So many things to blog about today. I was originally going to come here and do a post about my thoughts on the film Amelia, which I saw last night. But because there are other, more timely issues to blog about, I'll just give you a quick summary:
To put it in a nutshell, it was an interesting film. I was mildly interested in watching it at first--not sure which aspect of Ms. Earhart's life would be broached and/or sensationalized. But when I found out that Mira Nair directed it, I was immediately more interested. I kept thinking, as I watched, about how colonization is so much more than the invasion of nations. It is the thorough and devastating invasion of bodies, minds, and souls. Specifically, I thought about the colonization of women's bodies, minds, and souls.
Amelia Earhart was a wealthy white woman who ran with the politically elite. Her husband was George Putnam, as in G.P. Putnam & Sons--the mega-publisher. Earhart had dinner with the Roosevelts. She could afford flying lessons. And yet, she was still a woman in a patriarchal, sexist world. She was still often treated like a child (something PoC encounter on a regular basis), and many decisions were made for her by the men in her life, often "for her own good." She bucked many conventions of her time and she yearned to be free. Something so many of us can relate to.
What caught me by surprise was how sad I was at the end. I knew what the ending was, and history has recorded how Ms. Earhart died, and still, I could not stop the flow of tears. Here is my favourite quote from the movie: "Everyone has oceans to fly, as long as you have the heart to do it. Is it reckless? Maybe. But what do dreams know of boundaries?" --Amelia Earhart, 1897-1937.
Another quote that has resonated for me on this particular day is "Change does not roll in on the wheels of inevitability, but comes through continuous struggle." That one is from Martin Luther King, Jr. And how ironic that today I should read about yet another furor, online, over the whitewashing of a book cover. Once again, it is the Bloomsbury team, deciding that a cover with a white model depicting a protagonist who is "brown-skinned" will sell more books, that is at issue. Several posts have been written on the topic already: Ari's heartfelt, powerful open letter, Susan's post/s, and the post and ensuing discussion over at The Story Siren.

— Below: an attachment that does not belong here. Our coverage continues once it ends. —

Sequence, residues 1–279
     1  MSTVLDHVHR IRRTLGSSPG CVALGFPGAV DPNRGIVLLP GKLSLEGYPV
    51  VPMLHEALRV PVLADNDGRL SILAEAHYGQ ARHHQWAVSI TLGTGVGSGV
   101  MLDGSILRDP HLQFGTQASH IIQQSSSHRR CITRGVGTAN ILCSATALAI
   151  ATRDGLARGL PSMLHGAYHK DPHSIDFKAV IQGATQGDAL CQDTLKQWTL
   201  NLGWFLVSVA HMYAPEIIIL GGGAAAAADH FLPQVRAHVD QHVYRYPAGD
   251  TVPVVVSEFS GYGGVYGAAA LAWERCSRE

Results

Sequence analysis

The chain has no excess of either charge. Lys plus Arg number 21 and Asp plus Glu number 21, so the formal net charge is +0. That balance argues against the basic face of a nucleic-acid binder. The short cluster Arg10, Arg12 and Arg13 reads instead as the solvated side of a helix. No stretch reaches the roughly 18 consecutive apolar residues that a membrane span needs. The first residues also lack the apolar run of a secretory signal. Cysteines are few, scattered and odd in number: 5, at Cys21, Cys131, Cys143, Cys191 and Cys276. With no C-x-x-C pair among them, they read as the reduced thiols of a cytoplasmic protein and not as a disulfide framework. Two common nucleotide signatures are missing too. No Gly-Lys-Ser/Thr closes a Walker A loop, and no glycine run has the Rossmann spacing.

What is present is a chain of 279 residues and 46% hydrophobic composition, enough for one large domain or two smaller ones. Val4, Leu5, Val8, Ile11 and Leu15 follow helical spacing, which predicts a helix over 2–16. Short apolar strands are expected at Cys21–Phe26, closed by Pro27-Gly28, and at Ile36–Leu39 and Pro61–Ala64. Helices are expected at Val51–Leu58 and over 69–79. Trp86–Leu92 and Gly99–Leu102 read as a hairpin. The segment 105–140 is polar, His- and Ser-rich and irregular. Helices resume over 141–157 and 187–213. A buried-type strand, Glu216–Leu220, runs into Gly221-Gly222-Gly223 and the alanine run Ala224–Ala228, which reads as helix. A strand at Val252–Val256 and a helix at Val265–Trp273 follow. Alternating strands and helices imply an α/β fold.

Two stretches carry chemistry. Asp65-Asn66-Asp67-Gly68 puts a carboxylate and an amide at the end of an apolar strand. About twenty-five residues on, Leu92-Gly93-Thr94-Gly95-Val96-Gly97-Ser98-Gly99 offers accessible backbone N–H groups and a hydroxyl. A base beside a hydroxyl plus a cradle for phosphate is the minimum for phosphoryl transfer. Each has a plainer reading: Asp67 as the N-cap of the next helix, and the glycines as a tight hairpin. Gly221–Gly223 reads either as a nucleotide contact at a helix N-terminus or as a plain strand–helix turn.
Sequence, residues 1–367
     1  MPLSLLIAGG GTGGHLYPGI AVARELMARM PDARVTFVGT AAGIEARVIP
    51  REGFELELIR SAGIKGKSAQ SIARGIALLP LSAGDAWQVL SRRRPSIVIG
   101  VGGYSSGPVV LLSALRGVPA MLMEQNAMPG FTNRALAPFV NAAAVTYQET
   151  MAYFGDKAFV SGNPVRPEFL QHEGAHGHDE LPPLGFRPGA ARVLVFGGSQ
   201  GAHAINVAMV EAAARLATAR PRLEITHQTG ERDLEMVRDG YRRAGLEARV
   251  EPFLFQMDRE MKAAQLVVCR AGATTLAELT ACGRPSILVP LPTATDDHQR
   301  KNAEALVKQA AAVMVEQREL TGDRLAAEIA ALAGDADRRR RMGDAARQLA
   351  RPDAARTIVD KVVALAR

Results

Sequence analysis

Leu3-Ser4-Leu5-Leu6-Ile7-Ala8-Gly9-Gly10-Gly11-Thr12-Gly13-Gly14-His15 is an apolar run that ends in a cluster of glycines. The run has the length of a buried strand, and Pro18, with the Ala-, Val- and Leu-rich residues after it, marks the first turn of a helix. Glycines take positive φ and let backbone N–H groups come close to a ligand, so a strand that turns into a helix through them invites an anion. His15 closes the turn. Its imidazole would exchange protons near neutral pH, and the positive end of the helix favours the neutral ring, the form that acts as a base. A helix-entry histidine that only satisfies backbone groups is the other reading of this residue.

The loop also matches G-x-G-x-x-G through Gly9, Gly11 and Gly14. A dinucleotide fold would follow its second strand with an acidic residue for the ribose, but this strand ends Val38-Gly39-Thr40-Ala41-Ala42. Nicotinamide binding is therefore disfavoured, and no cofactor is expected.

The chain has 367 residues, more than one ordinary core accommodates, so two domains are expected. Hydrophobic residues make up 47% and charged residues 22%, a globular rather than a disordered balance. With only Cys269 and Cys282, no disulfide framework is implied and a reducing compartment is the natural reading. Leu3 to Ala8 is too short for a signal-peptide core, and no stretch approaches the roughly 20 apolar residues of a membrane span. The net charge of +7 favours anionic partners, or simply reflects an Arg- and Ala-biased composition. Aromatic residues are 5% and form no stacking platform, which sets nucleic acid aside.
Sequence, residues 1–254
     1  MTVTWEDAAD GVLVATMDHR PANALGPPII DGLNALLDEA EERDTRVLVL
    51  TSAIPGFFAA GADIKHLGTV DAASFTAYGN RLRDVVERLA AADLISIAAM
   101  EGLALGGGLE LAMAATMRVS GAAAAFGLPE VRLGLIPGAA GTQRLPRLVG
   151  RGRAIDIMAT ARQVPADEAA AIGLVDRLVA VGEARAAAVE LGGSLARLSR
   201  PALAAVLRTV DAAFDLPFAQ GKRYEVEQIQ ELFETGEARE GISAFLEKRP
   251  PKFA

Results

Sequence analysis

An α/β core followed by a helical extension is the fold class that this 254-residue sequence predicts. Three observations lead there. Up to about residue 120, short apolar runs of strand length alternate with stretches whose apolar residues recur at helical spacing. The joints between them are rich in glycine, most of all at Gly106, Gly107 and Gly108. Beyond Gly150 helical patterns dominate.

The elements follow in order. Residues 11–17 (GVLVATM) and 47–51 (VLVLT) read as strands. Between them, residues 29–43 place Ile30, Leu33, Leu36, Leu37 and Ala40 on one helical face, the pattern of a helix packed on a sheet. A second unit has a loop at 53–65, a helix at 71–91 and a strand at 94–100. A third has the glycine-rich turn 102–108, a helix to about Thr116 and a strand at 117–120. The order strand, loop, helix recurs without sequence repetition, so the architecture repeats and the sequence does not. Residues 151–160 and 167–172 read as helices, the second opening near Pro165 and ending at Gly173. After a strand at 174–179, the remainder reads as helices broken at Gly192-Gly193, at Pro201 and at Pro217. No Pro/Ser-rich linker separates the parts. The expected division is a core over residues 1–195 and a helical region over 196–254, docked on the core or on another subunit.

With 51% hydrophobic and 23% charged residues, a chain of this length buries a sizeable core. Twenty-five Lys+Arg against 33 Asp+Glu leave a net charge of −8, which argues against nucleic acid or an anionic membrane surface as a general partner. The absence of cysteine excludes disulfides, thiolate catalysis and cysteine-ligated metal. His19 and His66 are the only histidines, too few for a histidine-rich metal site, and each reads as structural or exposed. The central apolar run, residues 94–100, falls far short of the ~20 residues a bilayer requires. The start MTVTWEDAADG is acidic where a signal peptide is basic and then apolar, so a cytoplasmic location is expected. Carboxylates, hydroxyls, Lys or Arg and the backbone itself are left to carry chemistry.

I agree with Zetta's sentiment on her blog, "I don’t have time to respond to all the ignorant remarks...", particularly because there are so many. But I do LOVE that there are bloggers out there who see this issue as something that affects them, and are taking it on themselves, or as allies. Brava to you! The only thing that really irked me in the comments I read was the suggestion that those who are outraged about the cover should somehow be "nicer" in their outrage. Let me just point out that sometimes PoC, women, LGBTQ folks, the working class, and other people who've had their voices marginalized, get angry. When you're being battered on a daily basis, you're bound to get a little pissed. And then, if you see people you love--your little brother, your cousin, your mom, your child, your grandpa--relentlessly battered as well, you'll not likely reach out lovingly, softly, compassionately, to "teach" someone that their silence is not only NOT helping you, but that it is helping to keep the very systems in place that bruise and batter you every single day. To tell people who've had long histories of violence, subjugation, brutality, colonization, and/or slavery, that it would be better for them to be "nice" about their pain and outrage at being erased yet again -- because they might hurt someone else's feelings, otherwise -- is really another way of saying "shut up." It truly is. Audre Lorde's famous quote, "Your silence will not protect you" comes to mind; the extension of that being, "Your silence will not help others."
The other thing I wanted to blog about today, that I really shouldn't put last -- but I've written this post in the order things happened today -- is this: some of you know that I am writing in another genre under a pen name. Well, today, I received an offer for my first full-length novel in that genre, and I couldn't be more delighted. I will not reveal my pen name on this blog, nor provide any more information than I just did, but suffice it to say that if you do discover my alternate identity, I will not deny it's me :).
Wishing you all a thoughtful, reflective MLK, Jr. Day as we celebrate one man's message and his life's work.